From this article you will learn why multiple copies of the same message may appear, and how to find & remove duplicate emails in Outlook quickly and safely, ensuring that all of your important messages remain intact.
If you’ve been using Outlook for a while and have only a few dozen or even a few hundred messages in your inbox or archive folders, then you’re most likely to have never faced the problem of duplicate emails and this will hardly happen to you in the near future. Lucky you are! : )
But to be honest, I’ve never met a person like that. It’s estimated that an average Outlook user receives around 50 – 100 messages a day. So, usually we have thousands and thousands of emails stuck in various folders and you may not even have a vague idea of how many duplicated emails actually are in your Outlook.
- Why do duplicate emails appear in Outlook?
- What problems can duplicate messages cause?
- How do I remove duplicate emails in my Outlook?
- A free tool to delete duplicate messages from Outlook
- A quick and safe way to remove duplicate emails in Outlook 2010 and 2013
There are plenty of causes why duplicate email messages may occur in Outlook. For example, you can receive multiples copies of the same email from your friends or teammates who forward to your attention the same newsletter, press release or an exciting news item, which is often the case in our company.
Other reasons are more technical and not so obvious. An interrupted or incorrect synchronization with a laptop or mobile device is one of the most frequent causes, e.g. if you read some messages on the phone and others on your PC, and then place the read messages to a different folder on each device.
Sometimes duplicate e-mails are produced by a hiccup of the mail server, especially if you activated the “Leave Messages on the Server” settings option. Incorrectly configured Outlook rules when two or more “move a copy to” rules apply to a certain incoming message also lead to email duplication. Merging several PST files into one may result in duplicated messages too.
And even your antivirus software may create duplicate e-mails. Of course, it won’t do this deliberately, it might be just an intermittent side-effect, especially if you click the “Send/Receive” button all too often interfering in the scheduled send/receive/store process.
Whatever the reason is, multiple copies of the same message might cause great confusion and disorder in your Outlook, making your work more stressful and less productive.
As you probably know, Outlook is one of the most complex and resource-hungry applications of the Microsoft Office suite. It requires quite a lot of resources for smooth performance, and the more email items you have, the more memory, disk space and CPU usage it consumes. Finally, it may reach the point when the existing resources do not suffice and your Outlook will start to slow down in performance. For example, you want to find a particular message using Outlook’s Instant Search, but all that you see is “Searching…“. And you have to wait patiently while Outlook iterates through all email messages in a given folder including duplicated ones.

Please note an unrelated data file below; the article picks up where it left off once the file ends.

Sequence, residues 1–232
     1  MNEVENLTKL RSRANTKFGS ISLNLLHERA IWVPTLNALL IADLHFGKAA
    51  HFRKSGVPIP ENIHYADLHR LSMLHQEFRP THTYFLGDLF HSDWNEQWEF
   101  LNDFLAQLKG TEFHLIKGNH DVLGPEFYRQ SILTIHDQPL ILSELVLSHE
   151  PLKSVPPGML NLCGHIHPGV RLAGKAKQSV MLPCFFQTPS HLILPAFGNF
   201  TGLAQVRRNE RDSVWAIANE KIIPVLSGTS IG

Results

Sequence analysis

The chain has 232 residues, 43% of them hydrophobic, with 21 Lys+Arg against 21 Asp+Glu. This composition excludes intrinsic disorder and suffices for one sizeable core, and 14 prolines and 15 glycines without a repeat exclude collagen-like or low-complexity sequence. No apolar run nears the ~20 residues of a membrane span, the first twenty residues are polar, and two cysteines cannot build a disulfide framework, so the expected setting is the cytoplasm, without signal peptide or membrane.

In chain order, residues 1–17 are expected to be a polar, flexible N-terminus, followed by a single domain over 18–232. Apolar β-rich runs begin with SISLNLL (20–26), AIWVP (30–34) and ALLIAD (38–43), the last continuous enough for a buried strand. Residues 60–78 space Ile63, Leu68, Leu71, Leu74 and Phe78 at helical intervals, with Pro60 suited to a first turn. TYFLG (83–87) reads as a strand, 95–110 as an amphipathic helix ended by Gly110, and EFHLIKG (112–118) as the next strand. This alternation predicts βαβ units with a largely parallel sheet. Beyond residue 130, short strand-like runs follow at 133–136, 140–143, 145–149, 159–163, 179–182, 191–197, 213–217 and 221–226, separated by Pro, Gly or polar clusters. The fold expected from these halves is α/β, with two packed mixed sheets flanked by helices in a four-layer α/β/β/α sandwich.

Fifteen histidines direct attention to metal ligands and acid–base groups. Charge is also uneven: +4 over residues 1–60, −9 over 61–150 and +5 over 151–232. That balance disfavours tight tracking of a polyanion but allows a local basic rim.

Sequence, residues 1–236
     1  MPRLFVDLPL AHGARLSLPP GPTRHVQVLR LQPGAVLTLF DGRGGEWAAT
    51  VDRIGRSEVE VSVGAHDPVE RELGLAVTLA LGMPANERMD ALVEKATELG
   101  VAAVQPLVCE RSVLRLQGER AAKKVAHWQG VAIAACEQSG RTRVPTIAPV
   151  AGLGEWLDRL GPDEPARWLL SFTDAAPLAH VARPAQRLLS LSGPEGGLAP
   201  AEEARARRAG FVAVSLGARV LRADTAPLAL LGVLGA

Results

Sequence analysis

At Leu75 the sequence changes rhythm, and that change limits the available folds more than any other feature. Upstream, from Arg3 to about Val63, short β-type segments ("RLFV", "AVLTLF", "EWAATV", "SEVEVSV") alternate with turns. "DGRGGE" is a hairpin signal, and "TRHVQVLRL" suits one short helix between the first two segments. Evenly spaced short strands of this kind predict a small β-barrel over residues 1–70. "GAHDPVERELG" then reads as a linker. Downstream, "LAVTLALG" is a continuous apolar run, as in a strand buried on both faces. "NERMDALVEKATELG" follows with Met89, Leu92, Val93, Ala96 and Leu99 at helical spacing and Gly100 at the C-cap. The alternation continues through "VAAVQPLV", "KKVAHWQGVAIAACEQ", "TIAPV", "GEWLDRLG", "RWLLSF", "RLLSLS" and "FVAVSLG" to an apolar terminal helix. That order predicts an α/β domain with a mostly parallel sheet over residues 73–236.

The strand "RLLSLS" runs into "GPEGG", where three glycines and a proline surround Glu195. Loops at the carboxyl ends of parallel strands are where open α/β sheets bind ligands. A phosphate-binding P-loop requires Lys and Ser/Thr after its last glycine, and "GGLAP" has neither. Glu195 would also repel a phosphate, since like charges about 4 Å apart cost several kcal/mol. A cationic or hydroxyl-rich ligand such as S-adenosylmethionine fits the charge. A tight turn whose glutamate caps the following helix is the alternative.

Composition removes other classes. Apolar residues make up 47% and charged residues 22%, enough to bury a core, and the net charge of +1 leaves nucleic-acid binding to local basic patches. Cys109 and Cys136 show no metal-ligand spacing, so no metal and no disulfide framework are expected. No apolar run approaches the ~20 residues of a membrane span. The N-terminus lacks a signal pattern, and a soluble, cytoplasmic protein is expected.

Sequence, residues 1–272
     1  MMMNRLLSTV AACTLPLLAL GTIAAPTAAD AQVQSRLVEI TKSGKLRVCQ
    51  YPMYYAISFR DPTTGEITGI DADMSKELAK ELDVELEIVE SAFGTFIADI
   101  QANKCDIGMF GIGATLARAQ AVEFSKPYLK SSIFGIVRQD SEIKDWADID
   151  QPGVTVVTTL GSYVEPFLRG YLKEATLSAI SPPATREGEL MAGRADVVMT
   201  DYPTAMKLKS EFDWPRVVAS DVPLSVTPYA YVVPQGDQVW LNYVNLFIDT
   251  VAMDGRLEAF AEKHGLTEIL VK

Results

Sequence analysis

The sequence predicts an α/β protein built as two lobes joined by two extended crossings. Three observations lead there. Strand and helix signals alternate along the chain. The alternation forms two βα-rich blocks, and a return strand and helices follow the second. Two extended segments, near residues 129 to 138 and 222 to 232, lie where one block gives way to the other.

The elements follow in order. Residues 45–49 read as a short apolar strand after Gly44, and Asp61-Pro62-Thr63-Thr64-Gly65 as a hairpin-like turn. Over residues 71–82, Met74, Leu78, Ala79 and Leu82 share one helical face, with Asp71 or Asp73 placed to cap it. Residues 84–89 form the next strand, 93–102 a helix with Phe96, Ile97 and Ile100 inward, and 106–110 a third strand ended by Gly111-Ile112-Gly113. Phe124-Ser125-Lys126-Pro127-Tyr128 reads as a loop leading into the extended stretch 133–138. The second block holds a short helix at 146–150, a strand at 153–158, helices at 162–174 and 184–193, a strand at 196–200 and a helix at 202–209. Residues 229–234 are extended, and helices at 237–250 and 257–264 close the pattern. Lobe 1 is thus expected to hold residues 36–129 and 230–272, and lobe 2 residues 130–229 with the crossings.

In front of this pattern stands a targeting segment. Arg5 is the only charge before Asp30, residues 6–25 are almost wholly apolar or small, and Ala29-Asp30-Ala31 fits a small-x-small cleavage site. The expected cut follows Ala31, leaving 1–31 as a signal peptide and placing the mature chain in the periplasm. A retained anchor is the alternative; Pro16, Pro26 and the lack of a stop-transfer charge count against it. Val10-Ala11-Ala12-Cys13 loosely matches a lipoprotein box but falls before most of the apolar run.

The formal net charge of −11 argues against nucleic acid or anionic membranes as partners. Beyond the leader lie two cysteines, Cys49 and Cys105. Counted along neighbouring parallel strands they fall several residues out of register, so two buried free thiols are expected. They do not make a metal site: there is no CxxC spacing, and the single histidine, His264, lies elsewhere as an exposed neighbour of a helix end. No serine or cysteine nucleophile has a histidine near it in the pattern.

On an average PC, Outlook starts to slow down when the mailbox reaches 2-3 GB, and if you don’t reduce the size of your mailbox and Outlook data file (.pst), your Outlook may start hanging, freezing and not responding.
Unfortunately, even the latest version of Outlook 2013 does not provide any tool that would let us remove duplicate email messages in Outlook folders. Microsoft suggests a way, or rather a workaround, to delete duplicates manually. You can try it if you have time, and this may even work if you have a few dozen emails. This might be challenging if you have several hundred messages, and next to impossible if you have thousands… and absolutely impossible if those thousands are stored in different folders.
So, how can you eliminate all duplicated emails from Outlook? There exist a number of different tools to eliminate dupes. Some of them are quick, simple and free. Others are more flexible and sophisticated but, as you may guess, paid. We will cover pros and cons of both types and you will decide which is right for you.
The most popular and time-tested free tool is Outlook Duplicate Items Remover, also known by the abbreviated name ODIR (you can download it here).
The biggest advantage of this tool, apart from being free, is that it’s very straightforward and easy to use. This is how the main window of ODIR looks like:
As you see, all you need to do is choose a folder to check for duplicates and click the “Remove duplicate items” button. Besides mail, this tool can search for duplicated contacts, tasks, notes and calendar items.
The ODIR add-in does not actually delete duplicate emails or other items that it finds, it lets you judge whether these are real duplicates. The plug-in creates a special “ODIR_Duplicate_Files” subfolder in the selected folder and moves the found duplicates into it, and this is also good and safe for us, Outlook users. If you don’t have any messages of importance in the selected folder, then you can simply delete the contents of the ODIR_Duplicate_Files folder. Otherwise, you can compress or zip this folder and move it your hard drive or a flash drive before deleting the duplicate messages, just to be on the safe side. : )